Voter identification rules are in place to ensure that only eligible voters can cast a ballot. Your identification will be used to prove your identity and your current residency.
Recommended: government-issued photo ID with address
Show one piece of valid government-issued photo identification that shows your current address, such as a drivers license or general identification card:
Alternate: documents proving identity and residency
Provide two (2) documents – that together prove your identity and your current residence.
If you do not have a piece of government issued photo identification with your current address, you must provide one (1) document that proves your identify and one (1) document that proves your residency.
1. Accepted Proof of identity:
Drivers License (NWT)
General Identification Card (NWT)
Fishing, Trapping, Hunting Licence
Firearms Possession/Acquisition Licence
Social Insurance Card
Old Age Security (OAS) Card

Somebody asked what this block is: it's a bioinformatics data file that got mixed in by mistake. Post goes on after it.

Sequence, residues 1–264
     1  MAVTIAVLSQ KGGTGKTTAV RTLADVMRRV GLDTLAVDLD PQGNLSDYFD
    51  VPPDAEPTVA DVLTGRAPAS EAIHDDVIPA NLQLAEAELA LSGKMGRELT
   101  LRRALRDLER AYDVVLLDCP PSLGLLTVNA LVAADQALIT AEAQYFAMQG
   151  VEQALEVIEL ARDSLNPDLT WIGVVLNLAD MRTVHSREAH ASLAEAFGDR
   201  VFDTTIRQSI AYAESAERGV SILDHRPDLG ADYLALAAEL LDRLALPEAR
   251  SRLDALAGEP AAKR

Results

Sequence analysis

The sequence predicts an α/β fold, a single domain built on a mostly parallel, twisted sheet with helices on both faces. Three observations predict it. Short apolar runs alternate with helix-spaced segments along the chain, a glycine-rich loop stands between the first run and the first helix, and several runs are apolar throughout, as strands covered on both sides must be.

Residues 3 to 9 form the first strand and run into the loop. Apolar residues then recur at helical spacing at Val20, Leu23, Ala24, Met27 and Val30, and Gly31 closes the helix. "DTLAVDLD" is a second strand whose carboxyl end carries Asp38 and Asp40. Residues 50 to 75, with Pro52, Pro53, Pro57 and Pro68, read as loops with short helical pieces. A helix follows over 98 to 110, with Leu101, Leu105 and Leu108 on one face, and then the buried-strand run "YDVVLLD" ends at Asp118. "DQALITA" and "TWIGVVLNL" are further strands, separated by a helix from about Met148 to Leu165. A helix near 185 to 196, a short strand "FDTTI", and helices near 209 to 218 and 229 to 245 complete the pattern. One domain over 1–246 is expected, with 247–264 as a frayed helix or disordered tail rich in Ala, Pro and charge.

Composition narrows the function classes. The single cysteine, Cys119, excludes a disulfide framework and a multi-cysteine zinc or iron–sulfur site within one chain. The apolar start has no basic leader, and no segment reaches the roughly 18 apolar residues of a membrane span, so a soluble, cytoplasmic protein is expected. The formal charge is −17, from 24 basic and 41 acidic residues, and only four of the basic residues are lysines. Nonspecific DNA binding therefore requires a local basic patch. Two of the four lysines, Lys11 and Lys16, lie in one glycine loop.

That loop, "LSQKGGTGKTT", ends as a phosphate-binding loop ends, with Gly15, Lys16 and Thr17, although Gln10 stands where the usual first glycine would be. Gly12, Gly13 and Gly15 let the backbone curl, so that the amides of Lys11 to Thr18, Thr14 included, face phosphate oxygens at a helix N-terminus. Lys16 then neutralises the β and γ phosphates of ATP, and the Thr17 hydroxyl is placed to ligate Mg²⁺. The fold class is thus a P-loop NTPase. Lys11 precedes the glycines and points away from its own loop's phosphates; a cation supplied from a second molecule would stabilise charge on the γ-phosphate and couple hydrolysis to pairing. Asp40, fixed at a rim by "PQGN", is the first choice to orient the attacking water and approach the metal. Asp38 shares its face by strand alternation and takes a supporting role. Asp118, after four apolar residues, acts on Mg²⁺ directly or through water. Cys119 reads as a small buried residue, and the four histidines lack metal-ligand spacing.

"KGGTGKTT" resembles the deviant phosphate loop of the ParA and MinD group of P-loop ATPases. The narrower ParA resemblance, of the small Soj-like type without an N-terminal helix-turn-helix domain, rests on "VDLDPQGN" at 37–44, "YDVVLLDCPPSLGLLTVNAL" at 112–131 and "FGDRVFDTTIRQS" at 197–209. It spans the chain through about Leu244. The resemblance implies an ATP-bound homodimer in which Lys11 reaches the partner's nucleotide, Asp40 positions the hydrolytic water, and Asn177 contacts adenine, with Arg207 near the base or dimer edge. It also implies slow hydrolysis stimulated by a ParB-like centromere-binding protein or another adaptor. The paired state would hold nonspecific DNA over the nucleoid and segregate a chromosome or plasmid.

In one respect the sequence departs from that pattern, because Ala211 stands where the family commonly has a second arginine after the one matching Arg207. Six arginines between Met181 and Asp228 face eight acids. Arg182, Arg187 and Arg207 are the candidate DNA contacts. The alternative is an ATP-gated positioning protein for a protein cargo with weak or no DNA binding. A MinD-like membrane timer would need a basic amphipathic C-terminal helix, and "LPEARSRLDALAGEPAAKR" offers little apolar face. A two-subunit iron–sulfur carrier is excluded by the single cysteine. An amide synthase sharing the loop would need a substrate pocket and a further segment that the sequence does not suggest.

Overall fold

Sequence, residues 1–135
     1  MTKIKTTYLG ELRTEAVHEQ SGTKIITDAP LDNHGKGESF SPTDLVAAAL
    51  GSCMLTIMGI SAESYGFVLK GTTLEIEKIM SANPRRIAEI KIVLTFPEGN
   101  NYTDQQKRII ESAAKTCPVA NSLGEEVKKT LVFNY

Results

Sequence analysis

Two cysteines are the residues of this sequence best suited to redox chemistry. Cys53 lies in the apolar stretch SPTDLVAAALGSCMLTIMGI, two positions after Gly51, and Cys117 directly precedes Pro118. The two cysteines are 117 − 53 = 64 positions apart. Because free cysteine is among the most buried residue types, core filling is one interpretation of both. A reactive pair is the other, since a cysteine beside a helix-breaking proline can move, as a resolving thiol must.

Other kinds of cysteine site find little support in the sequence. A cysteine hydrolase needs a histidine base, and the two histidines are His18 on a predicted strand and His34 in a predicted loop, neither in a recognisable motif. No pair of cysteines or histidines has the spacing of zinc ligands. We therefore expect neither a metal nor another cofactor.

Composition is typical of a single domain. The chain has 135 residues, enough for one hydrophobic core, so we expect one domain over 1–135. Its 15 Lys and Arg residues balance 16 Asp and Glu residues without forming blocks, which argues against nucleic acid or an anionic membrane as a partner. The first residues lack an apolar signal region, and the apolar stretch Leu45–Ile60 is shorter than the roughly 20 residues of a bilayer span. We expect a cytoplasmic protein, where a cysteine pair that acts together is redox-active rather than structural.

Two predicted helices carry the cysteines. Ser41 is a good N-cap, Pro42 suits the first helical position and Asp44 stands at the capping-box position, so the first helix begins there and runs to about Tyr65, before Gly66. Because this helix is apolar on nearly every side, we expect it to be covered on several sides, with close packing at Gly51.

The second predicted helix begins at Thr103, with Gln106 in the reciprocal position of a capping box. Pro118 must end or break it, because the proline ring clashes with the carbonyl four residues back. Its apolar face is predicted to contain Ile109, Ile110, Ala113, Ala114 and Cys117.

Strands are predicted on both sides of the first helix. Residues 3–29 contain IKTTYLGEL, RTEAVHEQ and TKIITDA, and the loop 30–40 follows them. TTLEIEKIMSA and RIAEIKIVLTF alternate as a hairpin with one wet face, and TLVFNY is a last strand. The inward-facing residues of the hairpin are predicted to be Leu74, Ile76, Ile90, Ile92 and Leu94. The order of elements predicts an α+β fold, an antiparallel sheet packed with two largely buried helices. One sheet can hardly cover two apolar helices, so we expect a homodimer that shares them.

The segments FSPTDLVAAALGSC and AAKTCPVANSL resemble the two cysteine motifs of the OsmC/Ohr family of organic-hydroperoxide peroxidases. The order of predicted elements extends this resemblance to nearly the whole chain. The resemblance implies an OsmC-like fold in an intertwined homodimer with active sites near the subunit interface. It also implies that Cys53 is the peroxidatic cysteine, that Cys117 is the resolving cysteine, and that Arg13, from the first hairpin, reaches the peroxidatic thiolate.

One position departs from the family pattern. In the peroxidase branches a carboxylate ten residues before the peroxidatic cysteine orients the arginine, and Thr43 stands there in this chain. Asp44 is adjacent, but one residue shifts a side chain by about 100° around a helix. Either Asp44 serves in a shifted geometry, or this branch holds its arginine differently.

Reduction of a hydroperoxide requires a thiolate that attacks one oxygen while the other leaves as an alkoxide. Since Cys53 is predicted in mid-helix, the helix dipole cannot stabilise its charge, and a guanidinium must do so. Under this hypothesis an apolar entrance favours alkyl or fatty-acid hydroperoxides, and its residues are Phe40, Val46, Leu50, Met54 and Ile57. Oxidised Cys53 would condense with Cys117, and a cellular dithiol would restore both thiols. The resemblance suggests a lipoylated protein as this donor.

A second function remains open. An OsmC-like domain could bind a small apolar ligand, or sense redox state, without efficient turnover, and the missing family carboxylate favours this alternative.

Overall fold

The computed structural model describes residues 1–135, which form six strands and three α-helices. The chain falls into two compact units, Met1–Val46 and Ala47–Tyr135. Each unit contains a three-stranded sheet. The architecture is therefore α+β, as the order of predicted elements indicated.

Government Employee ID
Canadian Forces ID Card
Veterans Affairs Health Card
Canadian Blood Services Card
CNIB ID Card
Bracelet from a Long Term Care Facility
Student Card from Accredited College or University
2. Accepted Proof of Residency:
First Nation or Self-Government Attestation of Residence
Utility Bill (phone, cable, utilities)
Credit Card Statement
Employment Insurance Statement
Income Support Statement
Child Tax Benefit Statement
Government Check Stub
Mortgage or Lease Agreement
Income Tax Assessment
Property Tax Assessment
Home Insurance Policy
Letter or Statement issued by: shelter, elders home, or long-term care facility.
If you do not possess sufficient identification, your options include:
Vouching, which means asking a registered voter to vouch for your identity, can be used as a last resort on ordinary polling day if a voter does not have the necessary proof of identity and residency.
Another voter who possesses sufficient identification and is eligible and registered to vote in your electoral district can vouch for you at the poll.
When you arrive at the poll you must both complete an Oath of Elector form.
A registered elector can vouch for up to five eligible voters, provided they are in the same electoral district as the person vouching.
If you are not on the Register of Electors or do not possess sufficient identification, but you personally know an election officer, you can take an Oath of Elector and prove your identity by personal acquaintance.
You can only use this option when casting a ballot in the Office of the Returning Officer or at an Advance Poll.